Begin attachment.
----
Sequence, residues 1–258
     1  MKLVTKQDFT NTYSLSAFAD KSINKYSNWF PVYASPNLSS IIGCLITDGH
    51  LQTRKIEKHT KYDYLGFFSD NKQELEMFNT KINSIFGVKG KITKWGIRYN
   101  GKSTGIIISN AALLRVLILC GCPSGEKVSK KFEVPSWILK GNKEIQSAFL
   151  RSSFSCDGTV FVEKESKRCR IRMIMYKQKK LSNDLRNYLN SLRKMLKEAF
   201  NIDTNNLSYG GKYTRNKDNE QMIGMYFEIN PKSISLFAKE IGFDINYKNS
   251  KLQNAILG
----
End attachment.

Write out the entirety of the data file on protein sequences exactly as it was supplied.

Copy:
Sequence, residues 1–258
     1  MKLVTKQDFT NTYSLSAFAD KSINKYSNWF PVYASPNLSS IIGCLITDGH
    51  LQTRKIEKHT KYDYLGFFSD NKQELEMFNT KINSIFGVKG KITKWGIRYN
   101  GKSTGIIISN AALLRVLILC GCPSGEKVSK KFEVPSWILK GNKEIQSAFL
   151  RSSFSCDGTV FVEKESKRCR IRMIMYKQKK LSNDLRNYLN SLRKMLKEAF
   201  NIDTNNLSYG GKYTRNKDNE QMIGMYFEIN PKSISLFAKE IGFDINYKNS
   251  KLQNAILG